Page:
... to Singapore And ship along the Straits, To a bungalow I know beside Penang; Where cocoanut palms along the shore Are waving, and the gates Of Peace shut Sorrow out forevermore. I want to go back and hear the surf Come beating ...
— Many Gods • Cale Young Rice

... a Mohammedan State in the S. of the Malayan Peninsula, 15 m. N. of Singapore; half the population are Chinese; exports gambier, pepper, ...
— The Nuttall Encyclopaedia - Being a Concise and Comprehensive Dictionary of General Knowledge • Edited by Rev. James Wood

... note from Maitland written at Trieste. He excused its brevity by saying he had been obliged to travel night and day in order to reach this port in time to catch the Austrian Lloyd steamer Helois, bound for Aden, Bombay, Ceylon, Singapore, and Hong Kong. From Aden I ...
— The Darrow Enigma • Melvin L. Severy

... the Grebos in West Africa, to Greece, to Turkey, Syria, the Nestorians of Persia, the Independent Nestorians, the Persian Mahometans, to the Mahrattas in Western India, to Madras and Madura in Southern India, to Ceylon, Siam, China Singapore, Borneo, and to the ...
— The Book of Religions • John Hayward

... plant for the benefit of posterity. Who will eat of the fruit of the one durian which I have nurtured so carefully and fostered so fondly? Packed in granulated charcoal as an anti-ferment, the seed with several others which failed came from steamy Singapore, and over all the stages of germination I brooded with wonder and astonishment. Since the durian is endemic in a very restricted portion of the globe, and since those who have watched the vital process may be comparatively few in number ...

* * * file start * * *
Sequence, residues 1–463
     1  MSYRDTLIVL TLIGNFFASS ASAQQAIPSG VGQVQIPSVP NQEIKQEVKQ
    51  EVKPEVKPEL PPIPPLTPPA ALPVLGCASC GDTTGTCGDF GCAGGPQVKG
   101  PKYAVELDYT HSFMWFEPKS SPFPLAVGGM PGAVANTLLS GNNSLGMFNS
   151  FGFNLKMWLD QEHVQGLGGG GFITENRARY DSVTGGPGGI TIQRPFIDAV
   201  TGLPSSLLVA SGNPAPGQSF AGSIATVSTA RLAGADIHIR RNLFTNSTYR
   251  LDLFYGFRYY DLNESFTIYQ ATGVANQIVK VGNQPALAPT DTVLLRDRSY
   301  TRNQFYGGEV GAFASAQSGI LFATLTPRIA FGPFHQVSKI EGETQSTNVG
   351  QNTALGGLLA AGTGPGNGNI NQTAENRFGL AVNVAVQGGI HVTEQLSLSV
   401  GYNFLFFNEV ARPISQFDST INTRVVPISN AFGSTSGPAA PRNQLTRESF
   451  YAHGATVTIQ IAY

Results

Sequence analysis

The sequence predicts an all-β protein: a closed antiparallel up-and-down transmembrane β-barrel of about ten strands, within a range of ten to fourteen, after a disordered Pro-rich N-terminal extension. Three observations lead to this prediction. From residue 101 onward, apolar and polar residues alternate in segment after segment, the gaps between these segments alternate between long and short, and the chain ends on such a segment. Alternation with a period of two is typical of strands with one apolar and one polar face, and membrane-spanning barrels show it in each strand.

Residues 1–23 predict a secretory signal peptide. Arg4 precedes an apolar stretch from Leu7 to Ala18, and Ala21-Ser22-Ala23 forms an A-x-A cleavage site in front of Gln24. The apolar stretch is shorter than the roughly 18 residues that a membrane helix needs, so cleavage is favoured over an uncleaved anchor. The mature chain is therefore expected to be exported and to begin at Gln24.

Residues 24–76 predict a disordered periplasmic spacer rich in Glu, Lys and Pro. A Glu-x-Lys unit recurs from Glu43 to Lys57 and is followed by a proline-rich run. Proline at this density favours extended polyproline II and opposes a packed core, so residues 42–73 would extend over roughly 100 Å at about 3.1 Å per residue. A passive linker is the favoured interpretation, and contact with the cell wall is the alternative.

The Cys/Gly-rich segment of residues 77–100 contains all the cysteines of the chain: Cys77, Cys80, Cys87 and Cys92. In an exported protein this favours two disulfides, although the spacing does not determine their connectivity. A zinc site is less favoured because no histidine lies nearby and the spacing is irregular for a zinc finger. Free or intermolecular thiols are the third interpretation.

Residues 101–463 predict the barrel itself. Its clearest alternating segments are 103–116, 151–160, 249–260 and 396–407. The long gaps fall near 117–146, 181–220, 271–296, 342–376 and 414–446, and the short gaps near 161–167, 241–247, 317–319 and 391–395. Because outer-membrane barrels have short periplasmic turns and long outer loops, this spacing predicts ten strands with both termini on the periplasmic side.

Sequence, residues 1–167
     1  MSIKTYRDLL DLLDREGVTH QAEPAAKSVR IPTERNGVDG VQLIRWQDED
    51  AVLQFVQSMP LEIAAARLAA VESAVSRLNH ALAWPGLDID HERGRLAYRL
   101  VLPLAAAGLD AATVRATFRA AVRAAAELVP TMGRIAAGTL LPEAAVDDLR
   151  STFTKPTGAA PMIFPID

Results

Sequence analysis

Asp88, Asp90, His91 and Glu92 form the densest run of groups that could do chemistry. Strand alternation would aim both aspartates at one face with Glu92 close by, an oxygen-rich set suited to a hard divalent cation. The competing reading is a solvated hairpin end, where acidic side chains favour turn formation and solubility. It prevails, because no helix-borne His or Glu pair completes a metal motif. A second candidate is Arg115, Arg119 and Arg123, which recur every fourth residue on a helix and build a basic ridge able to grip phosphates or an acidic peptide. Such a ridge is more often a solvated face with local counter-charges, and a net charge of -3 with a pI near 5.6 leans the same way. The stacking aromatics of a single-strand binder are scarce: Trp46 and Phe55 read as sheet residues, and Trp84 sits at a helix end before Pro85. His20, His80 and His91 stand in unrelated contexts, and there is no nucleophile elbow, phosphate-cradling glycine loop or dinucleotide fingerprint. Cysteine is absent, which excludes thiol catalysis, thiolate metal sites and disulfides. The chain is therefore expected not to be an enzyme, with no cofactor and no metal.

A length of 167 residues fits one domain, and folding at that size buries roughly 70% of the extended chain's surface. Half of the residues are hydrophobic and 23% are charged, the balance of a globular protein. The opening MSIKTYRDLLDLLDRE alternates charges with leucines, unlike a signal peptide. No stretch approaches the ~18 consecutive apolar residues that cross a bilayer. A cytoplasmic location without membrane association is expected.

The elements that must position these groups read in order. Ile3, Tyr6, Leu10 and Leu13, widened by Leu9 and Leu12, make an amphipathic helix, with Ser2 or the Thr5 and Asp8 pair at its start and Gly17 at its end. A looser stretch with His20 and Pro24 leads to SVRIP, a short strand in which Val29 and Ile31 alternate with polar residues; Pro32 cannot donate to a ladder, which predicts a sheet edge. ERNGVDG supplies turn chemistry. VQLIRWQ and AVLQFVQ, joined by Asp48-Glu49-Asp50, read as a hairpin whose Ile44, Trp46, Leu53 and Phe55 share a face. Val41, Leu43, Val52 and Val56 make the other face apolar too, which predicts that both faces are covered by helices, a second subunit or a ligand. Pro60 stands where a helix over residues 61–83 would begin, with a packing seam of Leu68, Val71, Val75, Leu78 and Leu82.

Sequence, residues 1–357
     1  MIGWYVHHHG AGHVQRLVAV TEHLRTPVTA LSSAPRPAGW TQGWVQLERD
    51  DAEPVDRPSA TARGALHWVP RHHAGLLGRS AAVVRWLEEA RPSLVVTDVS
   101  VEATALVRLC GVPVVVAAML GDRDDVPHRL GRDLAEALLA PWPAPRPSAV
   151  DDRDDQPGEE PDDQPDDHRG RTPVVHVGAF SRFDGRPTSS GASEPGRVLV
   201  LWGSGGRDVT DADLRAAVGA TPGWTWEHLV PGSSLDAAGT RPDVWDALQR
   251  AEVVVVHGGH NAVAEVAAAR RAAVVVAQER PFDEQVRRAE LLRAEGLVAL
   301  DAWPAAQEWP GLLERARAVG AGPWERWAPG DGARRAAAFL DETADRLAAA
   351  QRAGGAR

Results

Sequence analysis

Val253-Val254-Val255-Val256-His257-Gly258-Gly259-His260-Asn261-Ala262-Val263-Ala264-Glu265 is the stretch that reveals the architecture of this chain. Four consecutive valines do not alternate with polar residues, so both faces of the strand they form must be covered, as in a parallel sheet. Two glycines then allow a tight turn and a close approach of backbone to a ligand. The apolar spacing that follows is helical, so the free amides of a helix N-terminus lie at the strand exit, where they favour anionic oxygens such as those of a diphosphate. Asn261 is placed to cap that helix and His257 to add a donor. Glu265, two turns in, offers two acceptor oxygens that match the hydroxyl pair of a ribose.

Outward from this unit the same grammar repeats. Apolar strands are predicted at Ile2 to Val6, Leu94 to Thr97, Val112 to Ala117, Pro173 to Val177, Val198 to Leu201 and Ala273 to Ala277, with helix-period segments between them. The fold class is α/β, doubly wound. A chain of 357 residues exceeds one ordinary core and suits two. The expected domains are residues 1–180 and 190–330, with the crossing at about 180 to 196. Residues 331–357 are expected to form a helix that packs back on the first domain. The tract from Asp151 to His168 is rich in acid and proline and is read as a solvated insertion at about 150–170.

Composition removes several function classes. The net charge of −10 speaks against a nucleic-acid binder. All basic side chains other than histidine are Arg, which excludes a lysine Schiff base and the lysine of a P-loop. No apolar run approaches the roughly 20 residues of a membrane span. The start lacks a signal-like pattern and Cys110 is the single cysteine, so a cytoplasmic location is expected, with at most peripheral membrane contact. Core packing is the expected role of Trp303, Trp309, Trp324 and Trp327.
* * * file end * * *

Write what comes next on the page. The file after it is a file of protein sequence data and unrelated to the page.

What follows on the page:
— My Tropic Isle • E J Banfield

... Sailing for Singapore I was blessed with a cabin all to myself, and what a blessing it is! In all my travels I have been singularly fortunate in ...
— Ranching, Sport and Travel • Thomas Carson

... The Malayan Peninsula and Singapore are in the hands of the enemy; the Netherlands East Indies are almost entirely occupied, though resistance there continues. Many other islands are in the possession of the Japanese. But there is good reason to believe ...
— The Fireside Chats of Franklin Delano Roosevelt • Franklin Delano Roosevelt

... us. The half-holiday that Mr. Johnson's hay was carted we sat behind the farthest haycock all the afternoon with an old atlas on our knees, and Fred "supposed" till my brain whirled to think of all that was coming on us. "Suppose we get on board a vessel bound for Singapore, and hide behind some old casks—" he would say, coasting strange continents with his stumpy little forefinger, as recklessly as the captain himself; on which of course I asked, "What is Singapore like?" which enabled Fred to close the atlas and ...
— A Great Emergency and Other Tales - A Great Emergency; A Very Ill-Tempered Family; Our Field; Madam Liberality • Juliana Horatia Gatty Ewing

... often; for they that smoke opium are immune from plague and other sudden diseases. But the parrot which you see in the cage overhead was left to me by one who died just where the saheb now stands. He was a merchant of some status and used to travel to Singapore and South Africa before he came here. But once, after a longer journey than usual, he returned to find that his only son had died of the plague and that his wife had forgotten him for another. Therefore he cast aside his business and came ...